Being in debt can also affect your personal relationships. It can cause marital problems, arguments with children and lost friendships. When a person feels deprived, he or she may look for someone to blame. If your family is in debt, remember you are all in it together and working together to find solutions to cutting non-essential spending and pay down debt is important. You can even make a game out of it and find a way to reward each other when cost cutting ideas are put into place.
According to the American Psychological Association, excess debt can affect your health. You may gain weight from being depressed and feeling out of control. You might ignore health issues due to a concern about finances. Remember that putting off a doctor visit or skipping preventative health care can cause an even larger financial burden down the road.
How do you get out of this continuous debt building cycle? The most important thing is a complete and honest look at every penny you spend. If you put money into a vending machine to buy a soft drink, you need to track it. If you buy a couple of birthday cards and a gift, you need to track it. Once you have a complete look at the non-essential items you can start thinking about where you can make cuts. Instead of buying from a vending machine, consider buying in bulk and take one to work with you. Instead of buying a birthday card, look at free e-cards available online. While these all seem like small differences, they add up. If you identified $30 a week you could “stop spending,” that adds up to over $1,500 a year.
With every purchase you are considering, ask yourself is this is a true need or simply a want. A want you can put off for another day. Do you really need a new car this year or can you spend just a little bit of money on maintenance and make it last until you have it paid off? Do you really need to upgrade your cell phone just because you are eligible or can you forgo being the first on the block to have the newest version?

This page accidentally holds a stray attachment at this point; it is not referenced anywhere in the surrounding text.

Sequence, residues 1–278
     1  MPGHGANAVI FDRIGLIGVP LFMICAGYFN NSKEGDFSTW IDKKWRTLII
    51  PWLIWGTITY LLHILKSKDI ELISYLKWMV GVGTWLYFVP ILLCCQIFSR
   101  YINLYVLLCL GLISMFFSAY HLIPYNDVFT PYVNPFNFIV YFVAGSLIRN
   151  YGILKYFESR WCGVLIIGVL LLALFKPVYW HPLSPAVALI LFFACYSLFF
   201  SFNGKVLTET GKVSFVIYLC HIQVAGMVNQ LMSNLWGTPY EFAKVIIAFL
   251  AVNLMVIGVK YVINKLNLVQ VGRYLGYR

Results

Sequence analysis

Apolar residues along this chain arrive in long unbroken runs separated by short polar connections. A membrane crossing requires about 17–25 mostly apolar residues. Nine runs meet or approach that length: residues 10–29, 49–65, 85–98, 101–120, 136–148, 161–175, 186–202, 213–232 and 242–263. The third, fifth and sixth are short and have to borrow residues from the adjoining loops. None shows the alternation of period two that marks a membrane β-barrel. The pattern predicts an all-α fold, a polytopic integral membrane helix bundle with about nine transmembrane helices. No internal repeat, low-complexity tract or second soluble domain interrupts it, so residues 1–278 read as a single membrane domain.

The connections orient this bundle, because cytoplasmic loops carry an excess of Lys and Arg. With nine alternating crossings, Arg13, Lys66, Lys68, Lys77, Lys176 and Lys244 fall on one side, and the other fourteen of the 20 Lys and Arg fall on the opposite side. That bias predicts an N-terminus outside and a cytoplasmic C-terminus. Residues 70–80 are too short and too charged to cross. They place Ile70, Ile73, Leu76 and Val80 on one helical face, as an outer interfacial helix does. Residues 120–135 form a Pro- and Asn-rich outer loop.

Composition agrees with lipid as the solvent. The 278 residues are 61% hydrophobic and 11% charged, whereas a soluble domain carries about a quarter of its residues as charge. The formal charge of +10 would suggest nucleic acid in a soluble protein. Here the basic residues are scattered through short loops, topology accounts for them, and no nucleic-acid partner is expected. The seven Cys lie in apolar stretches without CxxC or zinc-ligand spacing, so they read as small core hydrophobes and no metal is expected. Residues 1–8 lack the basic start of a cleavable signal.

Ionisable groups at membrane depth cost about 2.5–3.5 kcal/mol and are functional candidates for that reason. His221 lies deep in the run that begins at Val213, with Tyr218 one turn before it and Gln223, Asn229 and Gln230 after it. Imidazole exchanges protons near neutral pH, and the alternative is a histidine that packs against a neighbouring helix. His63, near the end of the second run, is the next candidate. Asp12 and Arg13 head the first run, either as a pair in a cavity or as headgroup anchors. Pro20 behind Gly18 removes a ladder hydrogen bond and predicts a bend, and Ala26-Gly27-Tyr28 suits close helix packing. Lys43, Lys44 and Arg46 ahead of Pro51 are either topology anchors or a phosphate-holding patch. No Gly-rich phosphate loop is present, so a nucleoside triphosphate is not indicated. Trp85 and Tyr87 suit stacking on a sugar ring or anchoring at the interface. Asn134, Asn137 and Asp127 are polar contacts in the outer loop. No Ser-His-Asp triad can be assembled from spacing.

Look for ways to consolidate debt from high interest credit cards and loans into a single card or loan that has a significantly reduced interest rate. The savings alone from that excess interest can add up quickly. For example, the difference between a 23.38% APR (an average from some of America’s largest retailers on creditcards.com) and a card with 10.24% APR with a $2,000 balance can save you $260 a year.
Cutting back on special package deals can also help reduce your spend. Bundled deals sound great – and sometimes they are – but often they include things you don’t really need. Look at your typical cell phone usage to determine how much data you “really” need. Review your cable bill – are there ways to eliminate unnecessary services (like premium channels)? Cutting back here may save you even more dollars.
The next time you get a pay increase, have that money deposited directly into a separate savings account. If you have been living on a certain salary for a year, you can likely do it another year. If you get a tax refund in the spring, immediately put that money to use by building an emergency fund and paying down debt. It’s easy to see that as “free money” to use for buying new clothes you want or taking a trip you have been dreaming of. But keep those dreams in check until you have a manageable plan for getting out of debt.